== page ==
Whether you care if your website is search engine friendly or not (and you ought to care!), it should never be designed so that the only way to get around is via search boxes. It's nothing short of poor usability. Your target market is composed of different types of people who are likely to find what they're looking for in different ways. Providing alternate forms of navigation helps everyone (including search engines) find exactly what they're looking for.

The next time your SEO consultant recommends something that you don't think is necessary, ask them why it should be that way. If they mention that it will be better for both search engines and site visitors (and can explain why), then you can rest assured that they are not your enemy or trying to sabotage your beautiful website. They have the best interests of everyone in mind at all times.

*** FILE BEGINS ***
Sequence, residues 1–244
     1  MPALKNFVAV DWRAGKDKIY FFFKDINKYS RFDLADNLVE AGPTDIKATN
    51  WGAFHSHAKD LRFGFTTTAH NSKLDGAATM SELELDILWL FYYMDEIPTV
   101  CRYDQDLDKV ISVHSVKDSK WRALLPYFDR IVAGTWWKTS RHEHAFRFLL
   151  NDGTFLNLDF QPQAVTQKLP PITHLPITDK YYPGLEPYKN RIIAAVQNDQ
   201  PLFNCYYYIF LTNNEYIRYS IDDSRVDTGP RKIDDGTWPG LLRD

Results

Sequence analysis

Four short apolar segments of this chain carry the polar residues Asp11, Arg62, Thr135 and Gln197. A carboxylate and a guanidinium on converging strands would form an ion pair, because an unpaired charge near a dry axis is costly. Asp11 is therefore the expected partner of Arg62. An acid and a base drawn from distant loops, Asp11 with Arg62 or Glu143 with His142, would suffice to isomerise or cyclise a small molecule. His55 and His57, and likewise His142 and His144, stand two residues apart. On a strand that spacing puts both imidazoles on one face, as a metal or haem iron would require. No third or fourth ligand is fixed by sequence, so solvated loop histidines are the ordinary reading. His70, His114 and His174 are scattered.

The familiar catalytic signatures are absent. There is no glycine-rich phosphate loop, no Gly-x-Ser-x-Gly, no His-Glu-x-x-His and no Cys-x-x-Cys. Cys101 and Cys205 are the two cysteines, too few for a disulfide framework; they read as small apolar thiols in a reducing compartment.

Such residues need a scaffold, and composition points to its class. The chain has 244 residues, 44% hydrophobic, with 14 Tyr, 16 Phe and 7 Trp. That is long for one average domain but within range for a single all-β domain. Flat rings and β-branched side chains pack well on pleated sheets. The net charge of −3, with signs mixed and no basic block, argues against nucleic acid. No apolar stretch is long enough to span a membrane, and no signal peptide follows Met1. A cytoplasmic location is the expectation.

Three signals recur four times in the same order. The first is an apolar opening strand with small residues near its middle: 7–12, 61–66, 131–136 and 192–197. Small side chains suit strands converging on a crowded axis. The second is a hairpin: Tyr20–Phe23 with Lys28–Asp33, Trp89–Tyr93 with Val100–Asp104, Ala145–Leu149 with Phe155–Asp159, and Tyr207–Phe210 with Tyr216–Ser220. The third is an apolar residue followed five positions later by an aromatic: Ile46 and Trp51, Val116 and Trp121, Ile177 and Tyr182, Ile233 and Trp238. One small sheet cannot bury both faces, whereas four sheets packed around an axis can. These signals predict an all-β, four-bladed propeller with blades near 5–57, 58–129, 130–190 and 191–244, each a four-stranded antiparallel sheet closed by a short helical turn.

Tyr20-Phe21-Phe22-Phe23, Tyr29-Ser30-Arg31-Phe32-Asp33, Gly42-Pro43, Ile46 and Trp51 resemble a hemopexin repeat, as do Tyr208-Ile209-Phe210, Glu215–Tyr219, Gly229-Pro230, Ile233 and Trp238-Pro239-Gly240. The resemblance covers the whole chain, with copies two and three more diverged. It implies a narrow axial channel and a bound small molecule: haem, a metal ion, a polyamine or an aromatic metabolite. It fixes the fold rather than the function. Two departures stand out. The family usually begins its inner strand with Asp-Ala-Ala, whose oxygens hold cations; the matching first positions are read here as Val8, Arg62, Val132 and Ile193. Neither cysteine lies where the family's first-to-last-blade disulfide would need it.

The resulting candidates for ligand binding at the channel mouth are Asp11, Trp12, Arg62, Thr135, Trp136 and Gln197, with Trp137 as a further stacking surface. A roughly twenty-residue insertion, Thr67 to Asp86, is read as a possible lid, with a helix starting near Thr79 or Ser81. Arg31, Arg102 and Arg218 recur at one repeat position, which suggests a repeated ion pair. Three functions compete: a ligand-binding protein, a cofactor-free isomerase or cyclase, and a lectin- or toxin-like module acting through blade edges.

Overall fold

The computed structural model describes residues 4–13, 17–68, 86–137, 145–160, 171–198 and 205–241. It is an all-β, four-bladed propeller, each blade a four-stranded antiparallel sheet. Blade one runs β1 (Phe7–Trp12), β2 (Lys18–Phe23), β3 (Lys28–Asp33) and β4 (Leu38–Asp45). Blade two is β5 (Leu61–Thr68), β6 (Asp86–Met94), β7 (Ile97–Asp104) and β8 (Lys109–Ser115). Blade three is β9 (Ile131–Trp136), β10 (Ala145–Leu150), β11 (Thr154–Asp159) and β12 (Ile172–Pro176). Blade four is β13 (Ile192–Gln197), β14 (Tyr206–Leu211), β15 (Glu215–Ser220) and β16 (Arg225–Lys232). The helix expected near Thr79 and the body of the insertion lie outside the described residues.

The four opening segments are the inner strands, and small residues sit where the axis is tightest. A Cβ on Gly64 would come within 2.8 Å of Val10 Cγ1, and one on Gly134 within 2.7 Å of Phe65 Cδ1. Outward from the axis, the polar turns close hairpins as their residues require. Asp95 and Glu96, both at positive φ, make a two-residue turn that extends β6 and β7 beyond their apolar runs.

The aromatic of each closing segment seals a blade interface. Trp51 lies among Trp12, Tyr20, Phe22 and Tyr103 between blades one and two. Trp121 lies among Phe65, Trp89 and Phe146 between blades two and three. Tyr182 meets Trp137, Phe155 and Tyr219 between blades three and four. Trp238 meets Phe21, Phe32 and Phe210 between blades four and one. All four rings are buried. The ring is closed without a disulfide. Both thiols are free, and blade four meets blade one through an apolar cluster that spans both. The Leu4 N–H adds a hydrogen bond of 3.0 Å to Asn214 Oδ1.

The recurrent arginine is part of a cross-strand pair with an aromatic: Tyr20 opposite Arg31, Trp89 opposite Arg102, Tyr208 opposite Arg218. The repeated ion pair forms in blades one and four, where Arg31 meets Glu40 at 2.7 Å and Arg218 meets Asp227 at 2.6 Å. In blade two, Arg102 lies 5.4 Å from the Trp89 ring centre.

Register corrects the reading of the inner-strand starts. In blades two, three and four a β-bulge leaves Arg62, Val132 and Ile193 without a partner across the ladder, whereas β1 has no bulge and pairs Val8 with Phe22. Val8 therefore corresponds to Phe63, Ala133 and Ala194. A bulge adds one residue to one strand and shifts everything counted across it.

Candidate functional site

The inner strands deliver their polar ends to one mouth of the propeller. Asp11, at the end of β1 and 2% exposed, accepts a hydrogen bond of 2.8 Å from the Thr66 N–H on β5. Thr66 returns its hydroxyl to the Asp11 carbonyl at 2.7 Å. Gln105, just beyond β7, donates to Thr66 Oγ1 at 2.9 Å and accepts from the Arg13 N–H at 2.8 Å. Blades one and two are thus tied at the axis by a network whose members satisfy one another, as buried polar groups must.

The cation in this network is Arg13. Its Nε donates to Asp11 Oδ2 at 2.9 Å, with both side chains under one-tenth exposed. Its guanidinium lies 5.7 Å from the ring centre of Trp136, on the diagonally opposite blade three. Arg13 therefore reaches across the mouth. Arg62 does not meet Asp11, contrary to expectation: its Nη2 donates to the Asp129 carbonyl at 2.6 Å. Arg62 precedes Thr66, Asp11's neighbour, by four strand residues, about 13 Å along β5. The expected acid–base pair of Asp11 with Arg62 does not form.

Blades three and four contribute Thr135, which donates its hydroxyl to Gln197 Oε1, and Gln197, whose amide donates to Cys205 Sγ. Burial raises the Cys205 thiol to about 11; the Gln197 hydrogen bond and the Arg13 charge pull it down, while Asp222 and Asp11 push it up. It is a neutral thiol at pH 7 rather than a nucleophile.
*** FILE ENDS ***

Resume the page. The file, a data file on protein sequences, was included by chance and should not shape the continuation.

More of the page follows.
Jill
 
Jill Whalen is the CEO of High Rankings, an SEO Consulting company in the Boston, MA area since 1995. Follow her on Twitter @JillWhalenJill Whalen

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 Anonymous said:
But the reverse is also true. Many SEO consultants also see the development team as a 'hurdle', so whatever we say, both the consultants and the 'bosses' might tend to think it's just natural resistance, and when it's the SEO consultant's suggestion against the development team opinion... well, the SEO are 'the experts'.